If you compile with the macros NDEBUG
or CGAL_QP_NO_ASSERTIONS
set (this is essential for good performance!!), you will see runtimes that qualitatively look as follows (on your machine, the actual runtimes will roughly be some fixed multiples of the numbers in the table below, and they might vary with the random choices). The default choice of the pricing strategy in that case is QP_PARTIAL_FILTERED_DANTZIG
.
Strategy  Runtime in seconds 

QP_CHOOSE_DEFAULT  0.32 
QP_DANTZIG  10.7 
QP_PARTIAL_DANTZIG  3.72 
QP_BLAND  3.65 
QP_FILTERED_DANTZIG  0.43 
QP_PARTIAL_FILTERED_DANTZIG  0.32 
We clearly see the effect of filtering: we gain a factor of ten, roughly, compared to the next best nonfiltered variant.
The filtering effect is amplified if the points/dimension ratio becomes larger. This is what you might see in dimension three, with one million points.
Strategy  Runtime in seconds 

QP_CHOOSE_DEFAULT  1.34 
QP_DANTZIG  47.6 
QP_PARTIAL_DANTZIG  15.6 
QP_BLAND  16.02 
QP_FILTERED_DANTZIG  1.89 
QP_PARTIAL_FILTERED_DANTZIG  1.34 
In general, if your problem has a high variable/constraint or constraint/variable ratio, then filtering will typically pay off. In such cases, it might be beneficial to encode your problem using input type double
in order to profit from the filtering (but see the issue discussed in Section Exponent Overflow in Double Using FloatingPoint Filters).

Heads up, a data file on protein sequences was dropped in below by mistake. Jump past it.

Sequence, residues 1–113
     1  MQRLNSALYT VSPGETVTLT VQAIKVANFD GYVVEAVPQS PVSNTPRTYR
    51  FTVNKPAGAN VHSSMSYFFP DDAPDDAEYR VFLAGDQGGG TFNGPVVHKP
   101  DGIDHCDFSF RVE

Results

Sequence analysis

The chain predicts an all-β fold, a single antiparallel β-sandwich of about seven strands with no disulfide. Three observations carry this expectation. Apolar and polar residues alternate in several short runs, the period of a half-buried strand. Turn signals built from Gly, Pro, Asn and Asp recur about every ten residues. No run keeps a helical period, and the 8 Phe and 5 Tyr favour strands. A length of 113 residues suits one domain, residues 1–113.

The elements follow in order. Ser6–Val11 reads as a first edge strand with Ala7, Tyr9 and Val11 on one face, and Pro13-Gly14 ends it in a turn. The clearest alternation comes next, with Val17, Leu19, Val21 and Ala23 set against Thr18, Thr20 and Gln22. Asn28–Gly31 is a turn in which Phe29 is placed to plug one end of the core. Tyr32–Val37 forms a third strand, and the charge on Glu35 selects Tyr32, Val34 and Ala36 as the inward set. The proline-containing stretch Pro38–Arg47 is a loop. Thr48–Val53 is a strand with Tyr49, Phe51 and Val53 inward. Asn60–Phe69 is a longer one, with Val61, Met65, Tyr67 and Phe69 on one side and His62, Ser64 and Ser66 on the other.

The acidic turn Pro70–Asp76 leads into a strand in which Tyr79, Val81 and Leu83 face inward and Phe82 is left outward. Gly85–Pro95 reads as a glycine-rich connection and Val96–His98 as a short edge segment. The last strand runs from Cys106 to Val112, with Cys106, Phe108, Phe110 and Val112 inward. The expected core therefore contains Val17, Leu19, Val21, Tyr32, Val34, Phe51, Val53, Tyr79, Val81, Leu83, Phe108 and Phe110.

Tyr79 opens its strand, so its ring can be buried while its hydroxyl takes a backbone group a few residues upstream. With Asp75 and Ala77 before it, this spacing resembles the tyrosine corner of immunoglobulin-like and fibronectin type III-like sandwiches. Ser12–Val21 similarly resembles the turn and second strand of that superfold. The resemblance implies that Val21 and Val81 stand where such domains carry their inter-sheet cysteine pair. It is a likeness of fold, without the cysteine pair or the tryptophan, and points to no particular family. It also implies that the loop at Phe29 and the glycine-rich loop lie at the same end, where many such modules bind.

Conversely, the filtering effect deteriorates if the points/dimension ratio becomes smaller.
Strategy  Runtime in seconds 

QP_CHOOSE_DEFAULT  3.05 
QP_DANTZIG  78.4 
QP_PARTIAL_DANTZIG  45.9 
QP_BLAND  33.2 
QP_FILTERED_DANTZIG  3.36 
QP_PARTIAL_FILTERED_DANTZIG  3.06 
If the points/dimension ratio tends to a constant, filtering is no longer a clear winner. The reason is that in this case, the necessary exact calculations with multiprecision numbers dominate the overall runtime.
Strategy  Runtime in seconds 

QP_CHOOSE_DEFAULT  2.65 
QP_DANTZIG  5.55 
QP_PARTIAL_DANTZIG  5.6 
QP_BLAND  4.46 
QP_FILTERED_DANTZIG  2.65 
QP_PARTIAL_FILTERED_DANTZIG  2.61 
In general, if you have a program where the number of variables and the number of constraints have the same order of magnitude, then the saving gained from using the filtered approach is typically small. In such a situation, you should consider switching to a nonfiltered variant in order to avoid the rare issue discussed in Section Exponent Overflow in Double Using FloatingPoint Filters altogether.